Fascia: The Secret Organ | stanton-company.com

Lauren Roxburgh

Fascia: The Secret Organ

A visit to structural integrative specialist Lauren Roxburgh begins with a photo session in front of a gridded wall at her Santa Monica studio. She instructs you to stand in your natural posture—in a sports bra and tights—feet aligned against two marks on the floor. 90 or so minutes later, she sets you up in front of the same grid, and then shows you the infomercial-esque results. If she didn’t have you hop off the bed mid-session to hobble around for a few minutes—feeling how strange it is when one of your legs is longer than the other—you wouldn’t believe what you’re seeing. Which is that Lauren has in fact made you taller—and as a result of the heightened alignment, leaner. Your head hits the grid inches higher.

Lauren is an alignment and body mechanics specialist who focuses on the fascia—i.e., the connective tissue in our bodies that doctors are now considering to be the organ of structure or posture. At its best, the fascia is a thin membrane that covers all of our muscles. At its worst, it bonds together to create knots, pain, tension, and thickness, impeding our body’s ability to exercise its full range of motion, and then enforcing the body’s tendencies to restrict itself and shorten. Through a combination of her hands and a foam roller, Lauren can re-align the body, eliminating thicknesses, bloating, toxins, and imbalances. Her work is profound, in large part because fascia is malleable, and it’s inclined to do what it’s told, which is why she counts many pro athletes—and orthopedic surgeons—amongst her clientele. While a session on her table is inarguably invaluable, Lauren believes that you can get about 80% of the results by doing it yourself with one simple tool. Here, she demonstrates exactly what you need to do to bring your hips into alignment, and eliminate thickness, pain, and tension through the upper thighs, butt, and hips. Her book (Ballantine) is due out in January, 2016.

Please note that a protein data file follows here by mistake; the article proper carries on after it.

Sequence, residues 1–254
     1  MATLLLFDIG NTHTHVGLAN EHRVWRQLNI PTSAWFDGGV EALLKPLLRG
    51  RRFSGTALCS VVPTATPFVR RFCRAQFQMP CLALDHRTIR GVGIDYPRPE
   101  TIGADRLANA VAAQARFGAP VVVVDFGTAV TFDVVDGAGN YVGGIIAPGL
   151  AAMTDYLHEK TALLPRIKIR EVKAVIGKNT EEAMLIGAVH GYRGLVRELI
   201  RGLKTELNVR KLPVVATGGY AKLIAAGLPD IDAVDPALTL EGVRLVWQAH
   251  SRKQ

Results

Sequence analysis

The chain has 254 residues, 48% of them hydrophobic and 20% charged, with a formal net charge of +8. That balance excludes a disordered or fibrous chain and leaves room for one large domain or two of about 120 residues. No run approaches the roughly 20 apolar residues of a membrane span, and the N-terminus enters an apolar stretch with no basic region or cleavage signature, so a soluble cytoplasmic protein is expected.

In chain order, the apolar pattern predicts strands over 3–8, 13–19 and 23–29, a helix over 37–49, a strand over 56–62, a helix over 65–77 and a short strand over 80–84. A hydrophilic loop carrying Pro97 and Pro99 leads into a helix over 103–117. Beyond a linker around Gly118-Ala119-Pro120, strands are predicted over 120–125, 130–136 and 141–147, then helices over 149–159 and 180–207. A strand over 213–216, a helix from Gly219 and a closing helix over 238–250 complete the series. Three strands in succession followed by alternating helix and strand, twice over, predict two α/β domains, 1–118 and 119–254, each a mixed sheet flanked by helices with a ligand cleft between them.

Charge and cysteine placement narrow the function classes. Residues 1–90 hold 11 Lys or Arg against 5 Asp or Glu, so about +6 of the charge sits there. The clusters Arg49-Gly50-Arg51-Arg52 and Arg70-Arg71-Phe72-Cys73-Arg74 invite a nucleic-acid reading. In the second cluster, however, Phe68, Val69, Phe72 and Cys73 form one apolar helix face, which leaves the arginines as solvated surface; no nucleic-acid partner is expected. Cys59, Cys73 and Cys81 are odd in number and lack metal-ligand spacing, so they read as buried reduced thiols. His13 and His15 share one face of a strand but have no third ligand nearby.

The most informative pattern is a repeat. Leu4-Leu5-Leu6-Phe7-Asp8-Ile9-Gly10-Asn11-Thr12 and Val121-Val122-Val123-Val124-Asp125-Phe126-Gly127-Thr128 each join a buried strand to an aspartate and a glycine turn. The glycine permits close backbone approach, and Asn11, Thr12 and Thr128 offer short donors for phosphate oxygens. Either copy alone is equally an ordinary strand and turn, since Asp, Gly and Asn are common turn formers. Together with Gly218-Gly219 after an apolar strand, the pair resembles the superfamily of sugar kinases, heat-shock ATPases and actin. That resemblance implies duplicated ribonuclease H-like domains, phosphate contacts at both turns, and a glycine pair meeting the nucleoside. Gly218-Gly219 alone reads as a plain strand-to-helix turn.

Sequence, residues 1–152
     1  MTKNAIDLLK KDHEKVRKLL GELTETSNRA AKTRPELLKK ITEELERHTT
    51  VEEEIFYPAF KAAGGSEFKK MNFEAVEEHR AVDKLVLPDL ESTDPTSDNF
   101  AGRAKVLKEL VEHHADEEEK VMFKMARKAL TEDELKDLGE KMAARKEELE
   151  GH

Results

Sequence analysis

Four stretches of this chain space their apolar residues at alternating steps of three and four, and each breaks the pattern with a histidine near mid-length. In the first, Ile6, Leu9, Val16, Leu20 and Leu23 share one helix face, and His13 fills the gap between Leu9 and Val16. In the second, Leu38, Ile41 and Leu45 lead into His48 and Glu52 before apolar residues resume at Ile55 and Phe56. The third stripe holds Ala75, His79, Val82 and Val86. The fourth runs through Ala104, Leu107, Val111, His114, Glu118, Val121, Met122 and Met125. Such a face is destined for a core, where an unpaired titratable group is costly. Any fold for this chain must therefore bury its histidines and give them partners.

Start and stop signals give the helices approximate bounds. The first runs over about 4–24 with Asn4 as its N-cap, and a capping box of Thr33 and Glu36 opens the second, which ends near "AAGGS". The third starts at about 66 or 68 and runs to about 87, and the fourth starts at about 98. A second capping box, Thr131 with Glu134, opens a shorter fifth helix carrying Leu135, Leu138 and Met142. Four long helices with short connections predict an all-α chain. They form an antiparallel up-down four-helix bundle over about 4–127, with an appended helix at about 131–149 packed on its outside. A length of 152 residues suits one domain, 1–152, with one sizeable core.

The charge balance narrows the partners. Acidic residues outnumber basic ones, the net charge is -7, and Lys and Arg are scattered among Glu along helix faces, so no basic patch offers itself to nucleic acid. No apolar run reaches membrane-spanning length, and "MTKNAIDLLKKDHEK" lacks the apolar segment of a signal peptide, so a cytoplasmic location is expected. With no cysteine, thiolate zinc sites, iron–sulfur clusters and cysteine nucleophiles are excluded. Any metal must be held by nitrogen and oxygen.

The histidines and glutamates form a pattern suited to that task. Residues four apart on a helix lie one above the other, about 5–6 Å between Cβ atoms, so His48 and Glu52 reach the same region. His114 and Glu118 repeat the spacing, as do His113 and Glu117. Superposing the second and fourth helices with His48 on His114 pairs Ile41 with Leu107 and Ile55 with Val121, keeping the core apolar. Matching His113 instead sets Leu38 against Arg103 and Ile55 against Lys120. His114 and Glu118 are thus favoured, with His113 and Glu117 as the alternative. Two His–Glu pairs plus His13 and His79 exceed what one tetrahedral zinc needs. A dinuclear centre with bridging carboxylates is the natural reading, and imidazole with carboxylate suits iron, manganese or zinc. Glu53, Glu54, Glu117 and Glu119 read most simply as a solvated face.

Q: So what is it exactly that you do?

A: At the most basic level, I do body work—but it’s much deeper than that, as the way we move our bodies says a lot about our lives. On the surface, I address physical issues, and all the stresses that injuries, stress, tension, and daily life place upon us. But at a deeper level, I’m helping people make the connection between their emotions, their movement, and the way that they feel.

What do I mean by that? I help people see that when they hold stress from overwork, physical and emotional behavior patterns, repetitive strain, and even trauma, it is transmitted to the body. You can see it, whether it’s a compressed diaphragm, hunched and sloping shoulders, or thickness through the upper thighs. When I help clients release those stresses, I can empower them to heal the deeper issues that manifest themselves as physical symptoms.

I’ve studied many modalities, from nutrition to yoga to structural integration and meditation, but perhaps the one thing that makes me different is my focus on fascia. Our bodies store the trauma of our lives in our fascia, which can lead to muscular and structural rigidity. When we release the tension in our fascia and align ourselves with gravity we take a new stance, and not just in our bodies.

Q: So what exactly is fascia?

A: Fascia is a thin layer of connective tissue that encases your body under your skin like a wetsuit and actually wraps itself around every muscle, joint, and organ. If you’ve ever cut into a piece of raw chicken or steak and seen that thin, white, filmy layer, then you’ve seen fascia.